Planned exercise

Getting “Fit for Two” before a planned pregnancy requires more than just an amorphous plan. While a positive attitude in looking forward to a joyful pregnancy and easy delivery goes a long way to keep you optimistic, it is not sufficient to ensure that you have the emotional and physical endurance, the training and knowledge to adapt to unpredictable developments during pregnancy.

According to ACOG (American College of Obstetrics and Gynaecology), exercise during pregnancy can help prepare you for pregnancy and childbirth; exercising after can help you get back in shape.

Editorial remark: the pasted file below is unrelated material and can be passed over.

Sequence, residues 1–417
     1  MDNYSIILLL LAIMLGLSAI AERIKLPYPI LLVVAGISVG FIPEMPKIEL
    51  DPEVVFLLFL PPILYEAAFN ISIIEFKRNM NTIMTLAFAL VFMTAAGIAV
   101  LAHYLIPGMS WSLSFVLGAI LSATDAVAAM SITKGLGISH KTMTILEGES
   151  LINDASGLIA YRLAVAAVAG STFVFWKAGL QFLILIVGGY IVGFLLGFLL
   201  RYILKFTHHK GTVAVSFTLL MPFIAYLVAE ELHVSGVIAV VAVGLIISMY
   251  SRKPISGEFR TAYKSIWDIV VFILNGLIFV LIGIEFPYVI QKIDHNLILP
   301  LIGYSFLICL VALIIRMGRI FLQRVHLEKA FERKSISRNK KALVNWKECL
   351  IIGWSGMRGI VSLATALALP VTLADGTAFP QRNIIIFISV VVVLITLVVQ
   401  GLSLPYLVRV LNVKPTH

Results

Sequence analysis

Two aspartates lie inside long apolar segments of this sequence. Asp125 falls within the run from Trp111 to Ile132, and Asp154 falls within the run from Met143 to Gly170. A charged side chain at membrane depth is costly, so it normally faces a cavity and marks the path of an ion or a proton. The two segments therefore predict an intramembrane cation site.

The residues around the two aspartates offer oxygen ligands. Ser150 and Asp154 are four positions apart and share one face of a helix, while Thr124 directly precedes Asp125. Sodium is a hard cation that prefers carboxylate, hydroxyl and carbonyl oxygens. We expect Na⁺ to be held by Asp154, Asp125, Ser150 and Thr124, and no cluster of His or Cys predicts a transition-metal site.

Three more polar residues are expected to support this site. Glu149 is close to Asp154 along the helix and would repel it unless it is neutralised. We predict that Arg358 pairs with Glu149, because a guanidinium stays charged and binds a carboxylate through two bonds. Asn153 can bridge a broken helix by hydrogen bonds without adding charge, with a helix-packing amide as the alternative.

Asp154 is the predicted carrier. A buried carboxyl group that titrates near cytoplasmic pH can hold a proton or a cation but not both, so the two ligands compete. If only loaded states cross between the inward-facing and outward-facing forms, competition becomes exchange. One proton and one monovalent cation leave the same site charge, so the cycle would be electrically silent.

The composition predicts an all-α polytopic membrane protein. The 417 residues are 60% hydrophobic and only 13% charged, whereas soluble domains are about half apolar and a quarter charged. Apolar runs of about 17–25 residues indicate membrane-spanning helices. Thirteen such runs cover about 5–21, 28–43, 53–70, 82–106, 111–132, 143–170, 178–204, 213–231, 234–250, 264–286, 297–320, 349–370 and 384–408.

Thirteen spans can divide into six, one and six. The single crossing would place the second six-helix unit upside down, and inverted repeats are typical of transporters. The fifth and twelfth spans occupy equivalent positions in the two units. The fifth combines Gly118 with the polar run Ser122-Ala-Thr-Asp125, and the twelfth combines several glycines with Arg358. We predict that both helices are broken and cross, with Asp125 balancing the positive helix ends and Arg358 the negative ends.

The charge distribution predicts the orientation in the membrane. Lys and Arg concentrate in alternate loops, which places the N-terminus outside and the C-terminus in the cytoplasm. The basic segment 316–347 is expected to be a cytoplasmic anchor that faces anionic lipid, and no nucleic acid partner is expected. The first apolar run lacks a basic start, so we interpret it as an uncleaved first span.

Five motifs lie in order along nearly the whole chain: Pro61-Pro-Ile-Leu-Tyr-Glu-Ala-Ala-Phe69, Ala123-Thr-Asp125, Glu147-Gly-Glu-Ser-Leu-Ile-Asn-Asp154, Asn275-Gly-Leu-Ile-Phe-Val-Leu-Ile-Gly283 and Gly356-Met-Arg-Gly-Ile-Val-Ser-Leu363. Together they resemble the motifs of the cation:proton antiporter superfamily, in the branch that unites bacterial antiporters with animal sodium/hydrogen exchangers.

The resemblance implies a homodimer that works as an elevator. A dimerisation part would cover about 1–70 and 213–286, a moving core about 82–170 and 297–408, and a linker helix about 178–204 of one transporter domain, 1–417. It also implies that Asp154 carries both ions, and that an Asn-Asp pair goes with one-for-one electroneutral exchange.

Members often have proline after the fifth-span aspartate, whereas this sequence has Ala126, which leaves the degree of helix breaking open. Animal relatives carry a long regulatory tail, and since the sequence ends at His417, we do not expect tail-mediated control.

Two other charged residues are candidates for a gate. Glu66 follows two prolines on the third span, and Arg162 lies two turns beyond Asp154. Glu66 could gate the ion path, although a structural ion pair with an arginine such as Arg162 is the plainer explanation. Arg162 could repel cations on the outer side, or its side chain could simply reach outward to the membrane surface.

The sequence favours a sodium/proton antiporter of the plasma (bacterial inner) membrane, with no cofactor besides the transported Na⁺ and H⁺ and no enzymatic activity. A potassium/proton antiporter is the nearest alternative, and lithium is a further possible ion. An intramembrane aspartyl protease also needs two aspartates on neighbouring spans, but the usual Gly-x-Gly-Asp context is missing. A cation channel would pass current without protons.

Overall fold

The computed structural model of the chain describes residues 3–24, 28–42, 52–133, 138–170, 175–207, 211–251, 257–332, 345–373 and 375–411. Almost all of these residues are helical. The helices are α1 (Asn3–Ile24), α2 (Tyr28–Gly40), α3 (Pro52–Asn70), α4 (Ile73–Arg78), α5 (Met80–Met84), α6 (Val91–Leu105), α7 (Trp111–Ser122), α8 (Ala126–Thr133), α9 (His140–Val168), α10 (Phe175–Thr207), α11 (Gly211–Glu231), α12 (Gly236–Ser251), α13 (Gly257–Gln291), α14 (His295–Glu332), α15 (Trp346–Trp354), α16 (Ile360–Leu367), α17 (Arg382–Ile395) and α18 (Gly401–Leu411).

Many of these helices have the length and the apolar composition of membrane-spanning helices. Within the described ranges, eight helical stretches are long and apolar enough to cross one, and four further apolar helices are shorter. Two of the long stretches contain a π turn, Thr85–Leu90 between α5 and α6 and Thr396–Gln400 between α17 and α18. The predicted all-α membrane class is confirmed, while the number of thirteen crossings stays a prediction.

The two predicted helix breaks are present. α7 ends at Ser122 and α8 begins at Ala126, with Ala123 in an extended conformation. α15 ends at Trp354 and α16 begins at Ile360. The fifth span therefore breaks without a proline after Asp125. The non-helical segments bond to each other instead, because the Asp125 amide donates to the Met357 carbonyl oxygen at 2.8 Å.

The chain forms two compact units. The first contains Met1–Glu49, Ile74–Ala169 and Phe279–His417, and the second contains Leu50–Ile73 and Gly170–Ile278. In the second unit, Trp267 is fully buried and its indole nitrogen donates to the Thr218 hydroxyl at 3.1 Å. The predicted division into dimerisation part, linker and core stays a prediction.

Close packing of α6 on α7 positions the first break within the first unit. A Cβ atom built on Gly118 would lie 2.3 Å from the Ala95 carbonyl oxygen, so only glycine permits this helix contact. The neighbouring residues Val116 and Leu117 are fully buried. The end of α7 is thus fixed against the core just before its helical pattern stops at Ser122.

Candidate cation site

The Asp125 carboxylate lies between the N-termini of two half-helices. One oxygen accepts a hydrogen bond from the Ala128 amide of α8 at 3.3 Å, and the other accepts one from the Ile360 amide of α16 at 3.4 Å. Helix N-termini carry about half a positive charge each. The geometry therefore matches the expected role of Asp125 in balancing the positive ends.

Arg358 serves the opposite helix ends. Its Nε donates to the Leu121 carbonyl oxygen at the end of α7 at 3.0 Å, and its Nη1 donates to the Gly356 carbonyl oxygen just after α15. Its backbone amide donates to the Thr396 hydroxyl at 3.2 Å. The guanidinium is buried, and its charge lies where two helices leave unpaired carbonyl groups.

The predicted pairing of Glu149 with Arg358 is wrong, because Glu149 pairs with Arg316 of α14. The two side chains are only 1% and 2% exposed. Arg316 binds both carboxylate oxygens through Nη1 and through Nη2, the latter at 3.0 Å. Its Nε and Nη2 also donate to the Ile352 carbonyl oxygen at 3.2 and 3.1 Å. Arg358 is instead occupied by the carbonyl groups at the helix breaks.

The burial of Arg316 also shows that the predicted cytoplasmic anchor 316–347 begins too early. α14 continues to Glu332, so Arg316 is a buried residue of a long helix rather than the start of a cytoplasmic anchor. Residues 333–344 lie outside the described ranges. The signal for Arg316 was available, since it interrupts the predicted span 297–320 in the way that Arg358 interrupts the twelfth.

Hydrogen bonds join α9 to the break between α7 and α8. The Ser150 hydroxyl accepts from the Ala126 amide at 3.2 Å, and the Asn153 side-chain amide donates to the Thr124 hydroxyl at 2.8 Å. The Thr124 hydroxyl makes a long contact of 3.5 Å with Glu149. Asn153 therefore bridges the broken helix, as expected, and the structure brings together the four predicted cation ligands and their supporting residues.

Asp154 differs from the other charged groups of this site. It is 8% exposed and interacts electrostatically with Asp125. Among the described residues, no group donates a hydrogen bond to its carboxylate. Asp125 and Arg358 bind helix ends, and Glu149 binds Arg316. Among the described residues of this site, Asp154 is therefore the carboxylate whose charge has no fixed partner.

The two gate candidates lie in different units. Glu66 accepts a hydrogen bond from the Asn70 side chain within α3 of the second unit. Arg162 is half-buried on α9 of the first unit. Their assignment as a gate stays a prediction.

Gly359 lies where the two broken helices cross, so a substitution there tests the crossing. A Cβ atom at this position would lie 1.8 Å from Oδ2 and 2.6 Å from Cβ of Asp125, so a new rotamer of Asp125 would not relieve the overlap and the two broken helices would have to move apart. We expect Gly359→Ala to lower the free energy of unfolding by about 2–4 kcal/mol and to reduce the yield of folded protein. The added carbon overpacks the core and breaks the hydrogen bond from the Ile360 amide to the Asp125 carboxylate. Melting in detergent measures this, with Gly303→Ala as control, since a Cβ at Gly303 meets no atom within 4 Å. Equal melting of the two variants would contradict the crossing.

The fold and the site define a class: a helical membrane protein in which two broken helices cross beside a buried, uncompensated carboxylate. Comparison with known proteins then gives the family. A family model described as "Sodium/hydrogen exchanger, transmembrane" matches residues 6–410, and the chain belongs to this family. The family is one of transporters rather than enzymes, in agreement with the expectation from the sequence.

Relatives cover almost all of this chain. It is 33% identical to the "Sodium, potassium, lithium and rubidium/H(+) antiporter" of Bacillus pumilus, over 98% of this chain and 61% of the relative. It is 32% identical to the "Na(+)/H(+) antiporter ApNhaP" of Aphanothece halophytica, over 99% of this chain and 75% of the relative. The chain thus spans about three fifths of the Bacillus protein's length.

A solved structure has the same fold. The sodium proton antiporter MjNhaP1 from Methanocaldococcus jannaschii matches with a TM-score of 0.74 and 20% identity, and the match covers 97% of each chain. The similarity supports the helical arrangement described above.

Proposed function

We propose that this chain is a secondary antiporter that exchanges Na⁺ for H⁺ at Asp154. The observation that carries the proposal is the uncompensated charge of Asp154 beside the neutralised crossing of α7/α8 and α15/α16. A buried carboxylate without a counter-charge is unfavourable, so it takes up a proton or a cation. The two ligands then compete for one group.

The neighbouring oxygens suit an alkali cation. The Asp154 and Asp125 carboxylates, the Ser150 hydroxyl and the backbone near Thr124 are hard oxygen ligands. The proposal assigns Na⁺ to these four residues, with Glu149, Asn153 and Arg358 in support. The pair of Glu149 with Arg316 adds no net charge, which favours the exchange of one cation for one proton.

Being pregnant is only the beginning of a long journey into motherhood. The journey does not end with the delivery of the baby; instead, as I often tell my patients, it’s only just getting started!

It is crucial to understand that you need to train your body to accommodate another living being and adapt to the various physiological, hemodynamic and structural changes that it undergoes during those nine months. This training should ideally begin well before getting pregnant. If it has not been initiated already, then it is never too late to begin in pregnancy under the vigilant supervision of a qualified professional.

Having the option of planning a pregnancy allows women time to train optimally for the marathon of pregnancy and labour. This is especially the case for the urban women today who choose to have children later in their lives.